Thursday, August 4, 2016

Olympians' athletic tech wear, testing out watersports and brain aging

Posted By on Thu, Aug 4, 2016 at 1:46 PM

Olympians' athletic tech wear, testing out watersports and brain aging
Just one piece of sport tech you might see at the 2016 Olympic Games. This piece is a head-cooling hood designed by Nike for decathlon competitor Ashton Eaton.

Olympians and Tech
Ready or not, the Olympics in Rio are already underway, with Opening Ceremonies tomorrow night. Make no mistake, the Olympics are the ultimate test of human capabilities, but there’s no shortage of tech assistance. Athletes may appear to be wearing sunglasses or sports tape, but those are no ordinary items. Check out the technology behind America’s running shoes, track spikes, swim goggles and more. In the new issue of InHealth, Linda Hagen Miller also surveys the amazing wearable tech available for us mortal humans. Look for it on stands now!

click to enlarge Olympians' athletic tech wear, testing out watersports and brain aging
Find the newest issue of InHealth magazine on stands now.
Testing the Water
If your family has wanted to try stand up paddleboarding, test out a canoe and compare it to a kayak, or discover the differences between an inflatable kayak and a whitewater kayak, this is your chance. The Spokane Canoe and Kayak Club’s annual Paddle, Splash Play event at the Nine Mile Recreation Area at Riverside State Park is Saturday, from 10 am to 2 pm. There will be a bunch of watercraft and personal flotation devices to sample, with experienced help available to perfect your technique. If you have a life jacket, bring it and you’ll be on the water faster. The event is aimed at kids, but adults are welcome to join in.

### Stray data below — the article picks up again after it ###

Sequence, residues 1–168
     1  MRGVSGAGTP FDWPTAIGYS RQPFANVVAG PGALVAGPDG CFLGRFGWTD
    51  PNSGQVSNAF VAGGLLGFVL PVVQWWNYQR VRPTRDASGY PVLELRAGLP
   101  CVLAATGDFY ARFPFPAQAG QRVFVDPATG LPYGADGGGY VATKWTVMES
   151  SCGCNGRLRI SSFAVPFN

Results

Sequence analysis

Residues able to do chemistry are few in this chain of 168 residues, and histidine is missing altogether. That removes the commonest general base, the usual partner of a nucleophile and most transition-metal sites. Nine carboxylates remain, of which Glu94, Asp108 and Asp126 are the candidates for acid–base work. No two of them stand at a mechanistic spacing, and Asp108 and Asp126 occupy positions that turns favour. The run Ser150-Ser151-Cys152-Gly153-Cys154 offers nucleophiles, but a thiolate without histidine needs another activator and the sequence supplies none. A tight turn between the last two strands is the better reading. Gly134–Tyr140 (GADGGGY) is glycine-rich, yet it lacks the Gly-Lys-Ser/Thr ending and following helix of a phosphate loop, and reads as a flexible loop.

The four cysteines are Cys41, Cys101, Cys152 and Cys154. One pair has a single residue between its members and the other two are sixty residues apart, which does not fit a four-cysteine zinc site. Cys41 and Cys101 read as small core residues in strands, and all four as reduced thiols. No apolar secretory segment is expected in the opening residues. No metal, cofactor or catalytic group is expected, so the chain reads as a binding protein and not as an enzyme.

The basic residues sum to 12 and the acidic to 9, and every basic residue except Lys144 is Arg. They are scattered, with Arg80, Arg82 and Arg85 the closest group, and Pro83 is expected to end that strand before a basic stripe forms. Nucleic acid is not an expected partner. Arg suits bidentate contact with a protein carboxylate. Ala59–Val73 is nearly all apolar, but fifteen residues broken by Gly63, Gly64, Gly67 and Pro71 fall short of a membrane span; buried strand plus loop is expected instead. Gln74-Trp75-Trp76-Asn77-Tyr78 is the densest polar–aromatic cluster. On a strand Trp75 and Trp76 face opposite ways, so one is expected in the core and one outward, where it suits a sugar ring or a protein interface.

Weighty Matters
A new study shows being overweight or obese in middle age years seems to age the brain prematurely. While there were no differences in cognitive abilities between lean, overweight and obese study participants, the brains of the overweight and obese people showed decreased white matter volume that aged their brains the equivalent of 10 years — 50-year-old brains looked more like 60-year-old brains. The study's researchers write, “Obesity may increase the risk of neurodegeneration.” Yet another reason to exercise and keep weight under control.

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About The Author

Anne McGregor

Anne McGregor is a contributor to the Inlander and the editor of InHealth. She is married to Inlander editor/publisher Ted S. McGregor, Jr.